German police raided Audi headquarters earlier this month in connection with allegations of emissions cheating against the company stemming from the Volkswagen Dieselgate scandal. The raid stemmed from an investigation into potential allegations of fraud and false advertising involving about 80,000 Audi diesel models sold in the U.S. between 2009 and 2015.
Audi has been accused of installing emissions cheat devices in thousands of diesel and gasoline models in the U.S. These cheat devices were designed to conceal the high emissions levels of Audi models during testing, making them appear to emit far lower levels of pollution than they would under normal driving conditions. In January 2018, Germany’s federal motor vehicles bureau and transportation ministry ordered Audi to fix more than 127,000 diesel vehicles that were equipped with the emissions cheating devices.
Authorities in Germany obtained a warrant to search Audi’s main office in Ingolstadt, located about 300 miles south of Berlin. Prosecutors also searched Audi’s manufacturing plant in Neckarsulm, as well as a private residence in connection with the investigation.
Prosecutors in Germany allege that Audi used emissions cheating software in order to conceal excess emissions in vehicles equipped with Audi’s V6 diesel engines. At least 14 people have been accused of wrongdoing in connection with a parallel investigation involving emissions cheating in the U.S. In addition to the allegations of fraud and false advertising connected with this investigation, prosecutors are also considering whether to impose fines on Audi executives in connection with the charges of emissions cheating.
Emissions Cheating Allegations Against Audi
The emissions cheating allegations against Audi first came to light in September 2015, when Volkswagen admitted that it had installed emissions cheating software on 11 million diesel vehicles, including thousands of Audi diesel models. Volkswagen later agreed to pay $14.7 billion to settle thousands of lawsuits filed over emissions cheating allegations stemming from the Dieselgate scandal.
In 2016, a class action lawsuit was filed against Audi accusing the company of emissions cheating on its gasoline-powered vehicles. The lawsuit alleged that Audi had installed emissions cheating software on its 2012-2016 A6, A7, A8, Q5, S4, S5, S6, S7, and S8 gasoline-powered models, and its 2012-2017 Q7 gasoline model.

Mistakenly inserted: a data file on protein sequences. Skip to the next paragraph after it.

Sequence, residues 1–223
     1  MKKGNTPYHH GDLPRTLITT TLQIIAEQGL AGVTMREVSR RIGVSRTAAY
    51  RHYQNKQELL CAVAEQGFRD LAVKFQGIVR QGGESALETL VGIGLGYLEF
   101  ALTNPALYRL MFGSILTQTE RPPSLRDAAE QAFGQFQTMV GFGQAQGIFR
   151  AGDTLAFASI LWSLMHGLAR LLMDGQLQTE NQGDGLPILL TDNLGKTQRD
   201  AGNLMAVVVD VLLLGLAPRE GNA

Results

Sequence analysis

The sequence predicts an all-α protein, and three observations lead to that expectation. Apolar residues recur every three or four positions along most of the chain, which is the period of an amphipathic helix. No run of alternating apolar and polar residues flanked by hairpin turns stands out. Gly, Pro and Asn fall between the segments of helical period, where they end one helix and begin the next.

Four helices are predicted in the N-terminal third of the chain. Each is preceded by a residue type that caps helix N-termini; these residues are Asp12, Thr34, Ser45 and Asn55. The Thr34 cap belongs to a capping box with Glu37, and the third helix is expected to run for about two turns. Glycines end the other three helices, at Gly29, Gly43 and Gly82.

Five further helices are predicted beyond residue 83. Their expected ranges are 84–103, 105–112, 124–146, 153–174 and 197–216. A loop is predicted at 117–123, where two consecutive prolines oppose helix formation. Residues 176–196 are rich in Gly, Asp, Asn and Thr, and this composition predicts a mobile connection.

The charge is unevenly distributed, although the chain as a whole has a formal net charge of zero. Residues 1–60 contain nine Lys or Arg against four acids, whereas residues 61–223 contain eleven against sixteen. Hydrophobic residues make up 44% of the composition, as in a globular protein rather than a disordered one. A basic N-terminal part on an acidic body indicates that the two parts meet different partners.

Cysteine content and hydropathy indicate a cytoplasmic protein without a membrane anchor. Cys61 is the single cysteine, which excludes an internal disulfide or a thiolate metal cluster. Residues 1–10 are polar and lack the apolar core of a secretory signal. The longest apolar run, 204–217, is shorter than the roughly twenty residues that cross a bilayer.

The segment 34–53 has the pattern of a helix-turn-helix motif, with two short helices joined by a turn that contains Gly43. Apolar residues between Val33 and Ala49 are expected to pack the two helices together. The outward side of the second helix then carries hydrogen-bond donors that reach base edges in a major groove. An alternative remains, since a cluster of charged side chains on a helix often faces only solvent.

Lawsuits Against Audi Filed by Heygood, Orr & Pearson
In December 2017, the law firm of Heygood, Orr & Pearson filed lawsuits against Audi in connection with the allegations of gasoline emissions cheating against the company. The lawsuits were filed on behalf of owners of an Audi A6, A7, A8, and Q5 model equipped with a 3.0-liter or larger gasoline- engine and automatic transmission.
Consumers who own or lease one of the Audi models involved in these emissions cheating allegations may also qualify to file a lawsuit. For more information about lawsuits filed by Heygood, Orr & Pearson against Audi and to find out whether you may qualify to file a claim, contact our firm for a free legal consultation.
Heygood, Orr & Pearson has filed emissions cheating lawsuits against Volkswagen, Audi, General Motors, and Fiat Chrysler on behalf of drivers who were effected by emissions cheating on the part of these companies. One of our firm’s partners, Michael Heygood, was named to the Plaintiffs’ Steering Committee in California that oversaw the $14.7 billion settlement with Volkswagen as part of the Multidistrict Litigation (MDL) filed on behalf of VW and Audi diesel owners nationwide.
For a free legal consultation, contact Heygood, Orr & Pearson by calling toll-free at 1-877-446-9001. You can also reach us by following the link to our free case evaluation form and answering a few brief questions to get started.